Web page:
As the dust from the European Union referendum starts to settle, retailers are turning their thoughts to what comes next.
Everybody knows there could be turbulence but, more to the point, retailers are wondering how to turn challenge into opportunity.
Sainsbury’s this week provided one pointer as it struck a deal to ramp up its business with Chinese ecommerce giant Alibaba by doubling the number of products it sells on the latter’s Tmall marketplace.
Other retailers such as Marks & Spencer also sell on Tmall, and the site could help smooth the way into the lucrative Chinese market for more.
While China has had its economic ups and downs of late, incremental growth in consumption is forecast by Boston Consulting to be bigger than the whole German retail market over the next five years.
“The local expertise of Alibaba should help JS in its mission to increase sales in China. The grocer’s goods will be promoted through a ’super brand day’ as part of Tmall’s 8.8 ’shopping festival’ next Monday”
China is a tempting prospect as long as the retail offer is right. Sainsbury’s chief financial officer John Rogers said Chinese consumers are demanding “high quality international products”.
That sits well with Sainsbury’s quality and provenance strengths, and other British retailers are similarly well-placed.
The local expertise of Alibaba should help JS in its mission to increase sales in China. The grocer’s goods will be promoted through a “super brand day” as part of Tmall’s 8.8 “shopping festival” next Monday.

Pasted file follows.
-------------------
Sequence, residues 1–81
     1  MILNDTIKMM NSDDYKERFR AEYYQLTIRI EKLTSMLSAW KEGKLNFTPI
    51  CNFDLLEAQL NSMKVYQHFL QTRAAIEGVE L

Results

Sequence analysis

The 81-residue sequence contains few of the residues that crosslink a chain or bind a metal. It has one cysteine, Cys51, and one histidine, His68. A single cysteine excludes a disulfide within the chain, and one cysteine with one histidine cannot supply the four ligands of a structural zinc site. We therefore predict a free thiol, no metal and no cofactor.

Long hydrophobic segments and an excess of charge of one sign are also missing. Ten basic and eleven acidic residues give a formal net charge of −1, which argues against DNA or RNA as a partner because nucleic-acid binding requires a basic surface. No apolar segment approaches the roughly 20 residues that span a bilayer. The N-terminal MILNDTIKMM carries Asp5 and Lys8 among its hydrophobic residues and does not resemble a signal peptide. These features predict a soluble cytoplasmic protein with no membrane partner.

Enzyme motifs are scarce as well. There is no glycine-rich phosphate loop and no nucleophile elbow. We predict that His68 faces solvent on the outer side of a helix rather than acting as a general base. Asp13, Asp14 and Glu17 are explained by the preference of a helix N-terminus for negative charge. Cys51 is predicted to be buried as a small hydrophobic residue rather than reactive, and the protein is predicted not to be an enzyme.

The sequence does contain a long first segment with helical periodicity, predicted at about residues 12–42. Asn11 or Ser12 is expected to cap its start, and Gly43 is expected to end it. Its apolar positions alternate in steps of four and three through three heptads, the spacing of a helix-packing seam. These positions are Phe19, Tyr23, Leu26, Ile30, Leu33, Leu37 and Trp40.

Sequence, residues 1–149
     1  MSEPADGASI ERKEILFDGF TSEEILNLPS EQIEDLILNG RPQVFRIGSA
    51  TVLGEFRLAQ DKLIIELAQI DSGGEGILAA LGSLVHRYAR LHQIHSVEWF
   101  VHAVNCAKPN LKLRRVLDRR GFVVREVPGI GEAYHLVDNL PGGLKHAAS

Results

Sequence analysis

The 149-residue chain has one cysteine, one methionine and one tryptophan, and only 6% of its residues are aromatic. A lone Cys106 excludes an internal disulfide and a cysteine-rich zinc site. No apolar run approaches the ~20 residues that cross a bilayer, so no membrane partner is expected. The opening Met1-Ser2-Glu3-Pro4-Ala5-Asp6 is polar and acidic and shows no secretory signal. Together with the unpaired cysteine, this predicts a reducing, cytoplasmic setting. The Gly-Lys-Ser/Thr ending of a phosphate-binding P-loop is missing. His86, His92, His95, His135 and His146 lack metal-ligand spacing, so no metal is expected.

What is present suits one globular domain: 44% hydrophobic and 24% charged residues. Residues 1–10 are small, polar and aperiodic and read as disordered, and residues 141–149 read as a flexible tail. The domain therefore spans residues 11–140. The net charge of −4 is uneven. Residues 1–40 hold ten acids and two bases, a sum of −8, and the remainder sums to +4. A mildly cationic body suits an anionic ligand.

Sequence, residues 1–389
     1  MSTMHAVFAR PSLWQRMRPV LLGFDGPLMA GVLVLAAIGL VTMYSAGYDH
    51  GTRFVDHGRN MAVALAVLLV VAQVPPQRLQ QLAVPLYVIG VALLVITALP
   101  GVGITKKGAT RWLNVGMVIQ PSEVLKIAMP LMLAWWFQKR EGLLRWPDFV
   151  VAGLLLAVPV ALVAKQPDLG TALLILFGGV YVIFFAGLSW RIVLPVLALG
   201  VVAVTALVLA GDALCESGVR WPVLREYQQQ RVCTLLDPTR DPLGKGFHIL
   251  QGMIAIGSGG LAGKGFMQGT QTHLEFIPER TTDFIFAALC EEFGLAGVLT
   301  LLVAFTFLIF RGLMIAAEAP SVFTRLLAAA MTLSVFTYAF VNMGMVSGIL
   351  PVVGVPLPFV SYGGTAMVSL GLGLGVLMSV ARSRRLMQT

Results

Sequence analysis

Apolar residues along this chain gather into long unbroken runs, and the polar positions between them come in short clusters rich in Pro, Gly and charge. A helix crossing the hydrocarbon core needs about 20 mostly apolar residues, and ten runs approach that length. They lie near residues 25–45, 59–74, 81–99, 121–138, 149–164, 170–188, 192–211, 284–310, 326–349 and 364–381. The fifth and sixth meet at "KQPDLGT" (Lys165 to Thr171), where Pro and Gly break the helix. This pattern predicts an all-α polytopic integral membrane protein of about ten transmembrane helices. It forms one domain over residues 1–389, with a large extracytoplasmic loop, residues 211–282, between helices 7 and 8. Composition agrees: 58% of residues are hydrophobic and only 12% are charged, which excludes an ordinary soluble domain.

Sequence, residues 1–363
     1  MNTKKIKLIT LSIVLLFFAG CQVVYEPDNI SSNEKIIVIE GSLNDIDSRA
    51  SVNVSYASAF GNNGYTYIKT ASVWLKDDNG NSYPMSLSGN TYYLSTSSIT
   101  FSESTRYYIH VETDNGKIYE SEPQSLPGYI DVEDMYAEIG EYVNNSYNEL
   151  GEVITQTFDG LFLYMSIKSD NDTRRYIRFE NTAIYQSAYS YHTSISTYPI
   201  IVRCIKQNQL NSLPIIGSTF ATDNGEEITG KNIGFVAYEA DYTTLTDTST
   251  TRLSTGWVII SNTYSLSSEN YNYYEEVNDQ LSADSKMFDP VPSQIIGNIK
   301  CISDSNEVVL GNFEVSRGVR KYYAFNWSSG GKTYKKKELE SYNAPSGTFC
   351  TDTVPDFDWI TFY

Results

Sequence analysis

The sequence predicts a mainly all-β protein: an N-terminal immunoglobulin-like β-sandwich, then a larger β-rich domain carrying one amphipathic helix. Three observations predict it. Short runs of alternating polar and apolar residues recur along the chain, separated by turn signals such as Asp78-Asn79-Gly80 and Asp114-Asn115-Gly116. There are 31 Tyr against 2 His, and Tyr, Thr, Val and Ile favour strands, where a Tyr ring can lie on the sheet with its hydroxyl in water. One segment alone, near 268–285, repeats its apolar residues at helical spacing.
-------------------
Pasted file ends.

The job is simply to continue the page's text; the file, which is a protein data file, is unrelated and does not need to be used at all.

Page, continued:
Alibaba has a track record of creating promotional extravaganzas. It was responsible for turning Singles’ Day into a spectacularly successful online red-letter day that last year notched up more than £10bn of spend by Chinese shoppers over 24 hours.
It will be worth watching how Sainsbury’s Chinese “super brand day” plays out. If it goes well, it will be an auspicious sign of international retail opportunity and a tonic to Brexit anxiety.
An ongoing reputational risk to retail
As online shopping grows, retailers are battling to come up with ever-more convenient delivery options for shoppers.
To do that, they frequently work with fulfilment partners who themselves may work with ‘self-employed’ drivers.
The latter relationship, representative of the so-called gig economy that relies on independent contractors, is the latest business area that looks as if it may face an inquiry by MPs following their investigations into Sports Direct and BHS.
That could spell problems for retailers because, in the same way that they are blamed for service let-downs by third-party providers, they are likely increasingly to be held accountable for the practices of companies working on their behalf.
Sports Direct was a case in point. Companies that supplied staff for the Shirebrook warehouse – in particular Transline – were accused of some appalling practices.
Reputation, so often vital to a retailer’s appeal, is easily damaged. Retailers should ensure that those they work with adhere to the highest standards or they may be next to be caught up in a reputational storm.